Tuesday, July 29, 2008
Will Wall-E Clean Up Overseas?
Andrew Stanton's "Wall-E" should top 200 million by this coming weekend in domestic box office, but what about overseas? The international market tends to be much bigger than here at home. Bob Iger and his marketing gurus know this and are working on a staggered release for the little fella.
Will the little robot do better than Remy in "Ratatouille"?
Wall-E's Domestic take: $195,308,076
Wall-E's Foreign take: $3,159,079
With a worldwide take: $198,467,155
The little garbage droid has a lot of dates still left to open...
Algeria July 30, 2008
France July 30, 2008
Monaco July 30, 2008
Morocco July 30, 2008
Netherlands July 30, 2008
Tunisia July 30, 2008
Denmark August 29, 2008
Norway August 29, 2008
Taiwan August 1, 2008
Czech Republic August 8, 2008
Slovakia August 8, 2008
Bulgaria September 5, 2008
Romania September 5, 2008
Australia September 9, 2008
Germany September 25, 2008
Japan December 2008
and on and on...
Time will tell.
Posted by Honor Hunter at 9:17 AM
Labels: Box Office, Global Marketplace, Wall-E
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I'm surprised more hasn't been made of Wall-E's box-office performance.
Wall-E's domestic performance has been a disappointment. There, I said it. If you look at the day-by-day comparison on boxofficemojo, you'll see that while it had a great first week, since then it has performed below not only Cars and Ratatouille, but even below Kung-Fu Panda. I won't be surprised if Kung-Fu Panda edges it out as the #1 animated film of the year/summer.
This has to be considred at least a mild disappointed given all the critical attention and praise the film received. I think there was alot of hope that this film would be the next great Pixar blockbuster, reversing the trend of diminishing returns. It should still make more than Ratatouille, but maybe not much more.
And now that Dark Knight has completely taken over the spotlight in terms of media attention, you can probably say good-bye to any hopes of a Best Picture Oscar campaign.
Is this a big enough of a success for Lasseter to continue his rise in influence? I don't know. I will be curious to see how things pan out.
Add this to the huge disappointment of Prince Caspian, and the summer has not been good to Disney.
PS - for the record, I loved Wall-E. I think it belongs in the upper tier of Pixar films, but it has clearly had trouble resonating with audiences. (and I liked Caspian alot too!)
I agree with your assessment on its box office receipts. However, I don't think it will hurt Lasseter much -- the film is still a success.
There are two issues, however, that might be a factor at some point (and my apologies for any lack of cohesion in what I'm about to post):
1. Consumer products -- I don't have the stats, but I don't think this stuff is selling that well. And certainly not at "Cars" level. Which brings me to...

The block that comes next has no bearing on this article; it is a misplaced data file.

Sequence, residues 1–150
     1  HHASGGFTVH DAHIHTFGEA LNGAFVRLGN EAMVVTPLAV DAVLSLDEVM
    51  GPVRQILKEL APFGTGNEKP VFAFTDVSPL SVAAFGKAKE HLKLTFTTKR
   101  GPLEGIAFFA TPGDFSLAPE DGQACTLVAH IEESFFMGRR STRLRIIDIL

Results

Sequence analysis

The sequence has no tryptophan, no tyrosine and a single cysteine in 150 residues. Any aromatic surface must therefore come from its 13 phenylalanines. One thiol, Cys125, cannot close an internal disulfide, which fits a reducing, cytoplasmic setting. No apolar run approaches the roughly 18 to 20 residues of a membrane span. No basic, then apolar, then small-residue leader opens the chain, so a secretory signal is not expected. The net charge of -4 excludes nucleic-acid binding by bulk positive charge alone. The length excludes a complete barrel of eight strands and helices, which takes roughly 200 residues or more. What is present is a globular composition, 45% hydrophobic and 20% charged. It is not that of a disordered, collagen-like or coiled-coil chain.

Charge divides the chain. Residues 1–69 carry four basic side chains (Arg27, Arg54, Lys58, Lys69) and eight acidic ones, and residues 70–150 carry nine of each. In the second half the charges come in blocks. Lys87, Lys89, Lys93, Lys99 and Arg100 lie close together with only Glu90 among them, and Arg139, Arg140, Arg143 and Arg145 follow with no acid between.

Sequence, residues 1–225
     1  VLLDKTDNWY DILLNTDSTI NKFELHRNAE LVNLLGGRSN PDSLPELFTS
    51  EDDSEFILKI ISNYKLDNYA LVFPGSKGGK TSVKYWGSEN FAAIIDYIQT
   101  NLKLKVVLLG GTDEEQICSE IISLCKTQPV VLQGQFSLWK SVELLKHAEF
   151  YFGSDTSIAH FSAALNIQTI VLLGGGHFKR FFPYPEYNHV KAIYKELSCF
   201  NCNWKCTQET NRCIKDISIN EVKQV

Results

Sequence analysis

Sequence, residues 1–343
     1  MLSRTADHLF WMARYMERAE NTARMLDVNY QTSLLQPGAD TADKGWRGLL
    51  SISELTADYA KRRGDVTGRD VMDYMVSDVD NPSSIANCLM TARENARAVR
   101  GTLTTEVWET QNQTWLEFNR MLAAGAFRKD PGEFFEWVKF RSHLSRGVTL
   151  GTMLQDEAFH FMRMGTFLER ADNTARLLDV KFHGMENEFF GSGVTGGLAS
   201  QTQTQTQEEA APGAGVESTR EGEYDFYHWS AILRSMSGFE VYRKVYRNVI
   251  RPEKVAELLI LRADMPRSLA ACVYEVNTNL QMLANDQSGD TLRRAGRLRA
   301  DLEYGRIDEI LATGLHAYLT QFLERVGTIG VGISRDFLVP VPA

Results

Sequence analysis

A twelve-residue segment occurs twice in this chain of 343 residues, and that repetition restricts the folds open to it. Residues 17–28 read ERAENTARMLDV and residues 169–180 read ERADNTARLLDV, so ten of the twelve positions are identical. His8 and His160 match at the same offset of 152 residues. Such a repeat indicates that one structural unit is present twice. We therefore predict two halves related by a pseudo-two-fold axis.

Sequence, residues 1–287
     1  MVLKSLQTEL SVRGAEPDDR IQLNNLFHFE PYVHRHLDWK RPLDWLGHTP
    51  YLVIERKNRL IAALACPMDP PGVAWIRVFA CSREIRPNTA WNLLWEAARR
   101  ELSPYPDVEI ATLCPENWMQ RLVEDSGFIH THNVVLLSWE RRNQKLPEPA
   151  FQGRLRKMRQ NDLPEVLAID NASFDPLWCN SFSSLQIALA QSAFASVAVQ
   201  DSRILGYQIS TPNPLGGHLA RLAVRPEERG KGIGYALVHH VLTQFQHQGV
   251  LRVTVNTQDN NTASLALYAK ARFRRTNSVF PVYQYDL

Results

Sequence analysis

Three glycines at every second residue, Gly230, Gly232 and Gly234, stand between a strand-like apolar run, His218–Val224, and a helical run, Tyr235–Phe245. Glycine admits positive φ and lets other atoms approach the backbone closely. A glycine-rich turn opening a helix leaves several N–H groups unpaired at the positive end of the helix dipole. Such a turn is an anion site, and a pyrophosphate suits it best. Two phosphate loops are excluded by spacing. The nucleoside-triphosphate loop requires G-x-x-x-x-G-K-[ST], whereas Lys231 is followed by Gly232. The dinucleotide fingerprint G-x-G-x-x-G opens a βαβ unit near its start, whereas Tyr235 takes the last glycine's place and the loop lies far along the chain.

2. The anti-intellectual response/criticism to this film has been mind-boggling. I never in my life thought I'd hear such a critically praised, ignorati-reviled ANIMATED film. People actually are offended by the film's bold choices of turning humans into fat, baby-like blobs who don't think or do anything for themselves. I personally loved this aspect, as I can't stand anti-intellectuals (I wish I could, but I can't -- not gonna lie).
Anyways, the short version of what I'm saying is that the movie only resonated with people who wanted a thought-provoking movie about consumerism and the environment, etc. And they weren't the ones rushing out to watch it over and over or buy the merch...
It looks like Wall-E is headed somewhere around $210 million domestic. It will probably edge out Kung Fu Panda by $1-2 million.
I think this is what we can expect from Pixar these days. $200+ million domestically and between $300-400 million foreign for a worldwide gross of between $500-$600 million. Now that Pixar is releasing a film a year I don't think the demand is quite as strong as it was earlier.
What is more disappointing is that Pixar's costs have increased. They need to watch their costs or they could end up in trouble.
Wall-E and Ratatouille are PIXAR's best films. They are riskier, more thought provoking, and more mature. They are more similar to Hayao Miyazaki's (Spirited Away, Howl's Moving Castle) works than the Shrek films. Sadly, Americans can't take animation seriously.
People need to get a grip with this "imminent Pixar demise" attitude.
Yes, its box office performance has not been as great as Disney/Pixar followers have hoped. We predicted upwards of $250 million, and certainly thought it would top Kung Fu Panda by miles, especially after being so critically acclaimed. Let's get that out of the way now.
But you have to understand - Pixar is still making money with their films. No matter how you slice it, Pixar has stayed consistent in making wonderful stories which are critically acclaimed and they still make a profit - which is hard to do in this business. They will make over $200 million again for the 7th film in a row. People seem to forget that.